If empty space was really empty it would have no energy. This is not true so:
“… space, which has so much energy, is full rather than empty.” (Bohm, 1980) p242.
That empty space isn’t empty(Cole, 2001) is illustrated by:
- The Casimir effect. Two uncharged flat plates held close together in a vacuum register a force pushing them together. Current physics attributes this vacuum pressure to virtual particles that pop out of the “empty” space around the plates but how can emptiness create particles? Yet according to quantum theory, a point can’t constantly have zero energy and this energy of the vacuum allows the Casimir effect. Again a space of truly nothing wouldn’t have this property.
- Light waves travel in empty space. If light waves travel in a vacuum, space must be the medium in which those waves vibrate. It follows that the vacuum that mediates light waves can’t be nothing.
Empty space isn’t a physical thing but as Einstein said it has to be “something” for relativity to work:
“…there is a weighty argument to be adduced in favour of the ether hypothesis.” (Einstein, 1920).
Indeed quantum theory itself implies some sort of quantum ether:
“The ether, the mythical substance that nineteenth-century scientists believed filled the void, is a reality, according to quantum field theory” (Watson, 2004) p370.
In quantum realism, space presents as empty but is actually full of processing. This “fullness” generates the vacuum energy that gives the Casimir effect and also mediates light. It can show nothing or something just as a screen can be blank or show an image. The quantum network shows nothing because each node runs a null process, i.e. a positive-negative cycle that sums to zero. Yet since the network is asynchronous, each node runs its own cycle and many asynchronous null vibrations can’t all be zero at once. So while points of space average zero at any instant they aren’t all simultaneously zero, just as quantum theory predicts. A quantum “ether” isn’t a physical ether but it is the non-physical medium that Einstein suspected had to exist.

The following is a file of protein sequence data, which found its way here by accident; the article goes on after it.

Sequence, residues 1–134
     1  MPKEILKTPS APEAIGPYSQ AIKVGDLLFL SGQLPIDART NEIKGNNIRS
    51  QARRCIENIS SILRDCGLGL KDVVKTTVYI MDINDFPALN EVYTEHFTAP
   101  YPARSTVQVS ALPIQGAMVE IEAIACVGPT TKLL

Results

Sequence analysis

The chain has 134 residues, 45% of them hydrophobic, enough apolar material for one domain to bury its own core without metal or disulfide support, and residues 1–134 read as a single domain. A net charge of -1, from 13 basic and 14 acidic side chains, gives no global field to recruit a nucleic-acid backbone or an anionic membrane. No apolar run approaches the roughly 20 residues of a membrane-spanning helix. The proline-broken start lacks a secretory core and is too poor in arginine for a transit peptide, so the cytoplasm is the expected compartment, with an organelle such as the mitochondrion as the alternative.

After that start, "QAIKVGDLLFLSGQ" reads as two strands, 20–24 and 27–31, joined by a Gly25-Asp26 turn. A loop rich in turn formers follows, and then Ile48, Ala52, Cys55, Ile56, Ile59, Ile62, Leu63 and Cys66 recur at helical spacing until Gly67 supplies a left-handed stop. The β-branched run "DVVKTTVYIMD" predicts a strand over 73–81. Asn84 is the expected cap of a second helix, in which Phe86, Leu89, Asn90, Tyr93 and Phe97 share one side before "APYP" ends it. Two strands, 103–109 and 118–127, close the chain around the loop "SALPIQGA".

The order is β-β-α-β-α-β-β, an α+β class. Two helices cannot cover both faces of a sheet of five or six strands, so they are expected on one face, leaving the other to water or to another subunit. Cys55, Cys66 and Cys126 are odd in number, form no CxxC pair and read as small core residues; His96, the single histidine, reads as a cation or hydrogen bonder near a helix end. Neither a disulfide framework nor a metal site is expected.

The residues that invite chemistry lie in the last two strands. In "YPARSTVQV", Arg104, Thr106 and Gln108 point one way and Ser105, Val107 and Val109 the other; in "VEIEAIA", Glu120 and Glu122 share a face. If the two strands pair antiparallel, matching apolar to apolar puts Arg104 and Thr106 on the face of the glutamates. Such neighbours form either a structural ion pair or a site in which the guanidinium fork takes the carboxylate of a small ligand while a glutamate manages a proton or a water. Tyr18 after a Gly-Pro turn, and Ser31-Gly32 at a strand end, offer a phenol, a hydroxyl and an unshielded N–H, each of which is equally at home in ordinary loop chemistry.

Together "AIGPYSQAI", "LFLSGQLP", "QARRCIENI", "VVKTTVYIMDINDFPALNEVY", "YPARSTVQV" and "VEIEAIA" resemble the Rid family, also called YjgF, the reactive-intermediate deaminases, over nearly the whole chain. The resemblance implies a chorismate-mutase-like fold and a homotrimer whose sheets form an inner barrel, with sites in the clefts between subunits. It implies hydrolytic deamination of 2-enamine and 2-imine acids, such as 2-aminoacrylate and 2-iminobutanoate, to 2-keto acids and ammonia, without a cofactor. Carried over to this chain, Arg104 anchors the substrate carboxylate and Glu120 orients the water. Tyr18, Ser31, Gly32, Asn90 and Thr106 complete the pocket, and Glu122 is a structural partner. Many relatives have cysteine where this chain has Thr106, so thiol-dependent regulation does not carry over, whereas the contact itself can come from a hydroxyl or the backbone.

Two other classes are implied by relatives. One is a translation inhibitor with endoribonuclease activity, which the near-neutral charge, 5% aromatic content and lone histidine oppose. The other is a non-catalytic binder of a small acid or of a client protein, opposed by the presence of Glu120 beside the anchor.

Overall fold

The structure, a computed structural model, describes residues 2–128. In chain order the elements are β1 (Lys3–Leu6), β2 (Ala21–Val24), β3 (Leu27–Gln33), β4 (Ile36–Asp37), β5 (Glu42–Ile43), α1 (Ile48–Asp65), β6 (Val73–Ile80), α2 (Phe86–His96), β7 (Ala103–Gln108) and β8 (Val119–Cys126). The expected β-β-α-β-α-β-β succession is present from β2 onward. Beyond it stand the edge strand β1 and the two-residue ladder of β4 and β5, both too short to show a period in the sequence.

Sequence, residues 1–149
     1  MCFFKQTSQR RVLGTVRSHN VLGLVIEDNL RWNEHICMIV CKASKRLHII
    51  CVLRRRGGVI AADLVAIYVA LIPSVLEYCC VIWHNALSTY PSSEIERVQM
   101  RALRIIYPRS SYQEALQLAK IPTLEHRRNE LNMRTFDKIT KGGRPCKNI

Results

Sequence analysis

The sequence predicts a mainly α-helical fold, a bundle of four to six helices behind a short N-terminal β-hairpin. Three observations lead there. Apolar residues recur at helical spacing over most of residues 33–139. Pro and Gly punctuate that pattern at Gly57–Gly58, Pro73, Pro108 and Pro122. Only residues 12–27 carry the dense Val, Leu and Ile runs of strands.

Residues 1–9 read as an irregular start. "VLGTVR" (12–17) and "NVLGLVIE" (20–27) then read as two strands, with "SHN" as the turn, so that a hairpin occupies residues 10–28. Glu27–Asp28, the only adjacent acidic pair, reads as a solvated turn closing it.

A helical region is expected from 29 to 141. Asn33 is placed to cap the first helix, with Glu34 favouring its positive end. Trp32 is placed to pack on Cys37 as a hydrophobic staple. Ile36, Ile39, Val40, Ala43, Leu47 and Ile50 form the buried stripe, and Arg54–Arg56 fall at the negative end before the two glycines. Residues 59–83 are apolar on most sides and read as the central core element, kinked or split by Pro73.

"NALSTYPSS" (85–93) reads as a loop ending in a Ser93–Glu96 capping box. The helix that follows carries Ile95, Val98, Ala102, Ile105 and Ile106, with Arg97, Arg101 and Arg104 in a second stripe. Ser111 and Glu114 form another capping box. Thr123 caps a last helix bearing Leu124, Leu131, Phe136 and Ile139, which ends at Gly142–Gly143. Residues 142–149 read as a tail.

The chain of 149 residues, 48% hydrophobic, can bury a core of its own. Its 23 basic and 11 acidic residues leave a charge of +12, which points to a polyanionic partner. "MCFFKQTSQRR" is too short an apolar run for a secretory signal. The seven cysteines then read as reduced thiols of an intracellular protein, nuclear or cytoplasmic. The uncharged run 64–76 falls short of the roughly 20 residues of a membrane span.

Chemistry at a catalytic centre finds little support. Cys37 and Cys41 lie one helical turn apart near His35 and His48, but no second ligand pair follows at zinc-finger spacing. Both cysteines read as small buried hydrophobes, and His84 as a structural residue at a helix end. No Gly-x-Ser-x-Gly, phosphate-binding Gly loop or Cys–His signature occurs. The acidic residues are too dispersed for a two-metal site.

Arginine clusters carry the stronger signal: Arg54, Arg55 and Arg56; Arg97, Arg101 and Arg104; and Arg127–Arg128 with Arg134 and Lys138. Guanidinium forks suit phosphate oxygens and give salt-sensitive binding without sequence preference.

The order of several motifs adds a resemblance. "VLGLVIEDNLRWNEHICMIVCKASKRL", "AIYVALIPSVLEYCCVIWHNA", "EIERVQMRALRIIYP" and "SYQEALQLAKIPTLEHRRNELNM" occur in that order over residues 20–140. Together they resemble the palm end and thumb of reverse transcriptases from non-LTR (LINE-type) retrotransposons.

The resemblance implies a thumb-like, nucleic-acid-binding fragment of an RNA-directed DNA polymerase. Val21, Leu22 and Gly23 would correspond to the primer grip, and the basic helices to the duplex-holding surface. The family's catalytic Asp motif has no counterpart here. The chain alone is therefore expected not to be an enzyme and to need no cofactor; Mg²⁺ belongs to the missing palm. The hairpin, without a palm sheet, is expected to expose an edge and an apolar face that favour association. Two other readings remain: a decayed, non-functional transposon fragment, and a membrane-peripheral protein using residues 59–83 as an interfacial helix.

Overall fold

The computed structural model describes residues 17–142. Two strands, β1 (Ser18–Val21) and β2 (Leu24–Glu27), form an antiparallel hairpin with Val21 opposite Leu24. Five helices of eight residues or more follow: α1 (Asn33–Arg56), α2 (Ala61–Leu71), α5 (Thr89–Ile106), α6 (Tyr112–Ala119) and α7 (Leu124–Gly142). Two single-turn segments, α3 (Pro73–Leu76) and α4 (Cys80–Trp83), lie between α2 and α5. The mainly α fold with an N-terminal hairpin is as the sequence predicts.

Imagine a large window with a view, where one sees the view but not the glass transmitting it. One only sees the glass if it has imperfections, if it has a frame around it, or if one touches it. Now suppose that the “glass” that transmits physical reality has no imperfections so it can’t be seen directly, it is all around so there is no frame to detect it by, and it transmits matter as well so we can’t touch it. It can be imagined as a network of perfect diamonds that flawlessly reflects the images of physical reality within itself.